Unleashed Potential

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Location: Chicago, IL, United States

Monday, August 28, 2006

An Autumnal Haiku

The day grows darker
As the docent lumbers on
New awakening

Thursday, August 24, 2006

Music Review: The Futurist

My favorite Spaniard, Miguel, gave me Robert Downey Jr.'s album, The Futurist, the other day. Given my infatuation with both RDJ and jazz, it's only appropriate that I review it here.

RDJ is not what one would consider a smooth singer. But then again, neither was Armstrong. That's the beauty of jazz/blues. It's not about the sound, but the soul of the music. It is only appropriate that his voice is raw and gritty, because he sings of life's raw and gritty quandaries.

Listening to RDJ's album is like reading his personal diary. He mourns lost love, but then finds it again. There are refrains that harken to the Serenity Prayer (surely a reflection upon his drug rehabilitation efforts). Most of the songs are written in stream-of-consciousness, adding yet another dimension to the lyrical prose he is trying to achieve.

The songs are not preachy, but more like therapy and reflection. It's widely known that this man has his demons. In fact, we all have our own demons in life. Unlike most of us, he doesn't try to hide the skeletons. On the contrary, they're out of the closet and staring us in the face. I give him a tremendous amount of credit for owning up to life's predicaments and all that follow.

I leave you with the lyrics to the last song on the album, the only which RDJ did not write. The song was originally composed by Charlie Chaplin, and is one of my personal favorites. (Aside - The best cover of Smile, personally, is Lyle Lovett's rendition.)


Smile though your heart is aching.
Smile even though it’s breaking.
When there are clouds in the sky, you’ll get by,
if you smile through your fear and sorrow.
Smile and maybe tomorrow
you’ll see the sun come shining through for you.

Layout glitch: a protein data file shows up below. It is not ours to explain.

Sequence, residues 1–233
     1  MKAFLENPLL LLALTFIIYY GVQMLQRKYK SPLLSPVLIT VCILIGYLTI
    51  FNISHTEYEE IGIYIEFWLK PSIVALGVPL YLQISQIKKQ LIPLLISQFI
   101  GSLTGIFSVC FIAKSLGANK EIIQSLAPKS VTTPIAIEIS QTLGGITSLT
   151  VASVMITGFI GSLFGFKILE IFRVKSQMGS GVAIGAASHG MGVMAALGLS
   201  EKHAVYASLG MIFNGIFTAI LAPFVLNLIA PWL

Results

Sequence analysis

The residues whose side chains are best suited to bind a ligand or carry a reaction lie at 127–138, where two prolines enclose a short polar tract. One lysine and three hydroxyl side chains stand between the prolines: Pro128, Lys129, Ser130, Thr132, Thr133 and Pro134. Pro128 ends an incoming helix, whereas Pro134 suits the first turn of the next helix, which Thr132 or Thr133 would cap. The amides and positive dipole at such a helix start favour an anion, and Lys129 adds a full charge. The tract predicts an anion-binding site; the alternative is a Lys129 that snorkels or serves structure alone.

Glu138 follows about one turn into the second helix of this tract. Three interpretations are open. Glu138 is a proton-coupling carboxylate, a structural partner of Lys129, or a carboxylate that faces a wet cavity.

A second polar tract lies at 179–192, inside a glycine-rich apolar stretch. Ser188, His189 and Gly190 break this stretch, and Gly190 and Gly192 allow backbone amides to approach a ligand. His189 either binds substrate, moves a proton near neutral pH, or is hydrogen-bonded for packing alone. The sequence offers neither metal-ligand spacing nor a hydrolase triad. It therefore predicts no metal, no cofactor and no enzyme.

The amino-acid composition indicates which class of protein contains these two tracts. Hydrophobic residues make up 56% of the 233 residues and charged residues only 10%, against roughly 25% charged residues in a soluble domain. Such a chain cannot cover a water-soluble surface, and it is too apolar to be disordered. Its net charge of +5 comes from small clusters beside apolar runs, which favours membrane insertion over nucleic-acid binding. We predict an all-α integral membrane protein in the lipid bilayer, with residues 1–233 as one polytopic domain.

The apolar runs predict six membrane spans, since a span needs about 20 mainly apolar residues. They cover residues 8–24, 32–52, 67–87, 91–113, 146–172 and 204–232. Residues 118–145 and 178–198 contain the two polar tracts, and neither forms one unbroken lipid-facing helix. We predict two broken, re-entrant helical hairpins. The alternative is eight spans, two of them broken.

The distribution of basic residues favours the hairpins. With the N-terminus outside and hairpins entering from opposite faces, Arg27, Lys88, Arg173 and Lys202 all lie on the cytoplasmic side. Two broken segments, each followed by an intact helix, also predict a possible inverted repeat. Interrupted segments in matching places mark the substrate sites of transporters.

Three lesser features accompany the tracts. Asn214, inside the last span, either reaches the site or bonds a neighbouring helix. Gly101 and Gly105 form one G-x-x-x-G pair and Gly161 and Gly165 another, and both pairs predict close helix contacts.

Light up your face with gladness.
Hide every trace of sadness,
although a tear may be ever so near.
That’s the time you must keep on trying.
Smile, what’s the use of crying?
You’ll find that life is still worthwhile,
if you just smile.

Sunday, August 20, 2006

Law & Order Meets the Muppets

Dorky? Perhaps...but an amusing way to start your work week. Mondays are hard enough to get through. Might as well start the day with the Muppets like you did when you were a kid.

Don't kid yourself. We all loved Sesame Street and The Muppet Show. And if you didn't, then there must be something seriously wrong with you.

Saturday, August 19, 2006


I been enjoying the feedback I've been receiving on my journal. Everyone is more than welcome to leave comments. I've enabled anonymous commenting, so you don't even need to sign up for an account. Please feel free to say hello!! Just don't forget to tell me who you are. Or else I'm just going to assume you're one of my many secret admirers.

Thursday, August 17, 2006

It's All Relative

"You know I've seen a lot of what the world can do...
hope you make a lot of nice friends out there."
~C. Stevens

Family. It's an interesting phenomenon to consider. Most other animals raise their young to a certain age, and then release them out into the wilderness to fend for themselves. However, humans create families out of this cluster of relatives connected by genes and blood. This family provides social, intellectual, emotional, economical and other means of support. Well, if you're lucky, they do. Not all of us are blessed to have a support system created for us by nature. Unfortunately, we don't get to pick our lineage.

Some anthropologists are starting to classify the notion of "blood" metaphorically, and that many societies understand 'family' through other concepts rather than through genetics. I think this concept is intriguing. You see, I don't think family should be limited to those who are biologically linked to you. I think your family can consist of a myriad of individuals.

In my life, I have many people who I consider to be family. I am very close with my biological family and am lucky in that regard. They provide a bedrock that is unwavering and reliable. I can turn to them and I know that they will be there for me.

However, there are other people in my life that I consider to be my family. There are those friends who you know will always be there for you with their unconditional friendship/love. They know everything about you and love you just the same. (You know who you are, and I am eternally grateful. LYLAT.)

Then there are those who support you through your different phases in your life. I call them your "Metamorphosis Friends". They are going through the same situation and understand what you're going through. From college, to living in the city, to working, to law school...they are there for you. And if you're lucky, they'll be there for you as you move onto another stage in your ever-changing life.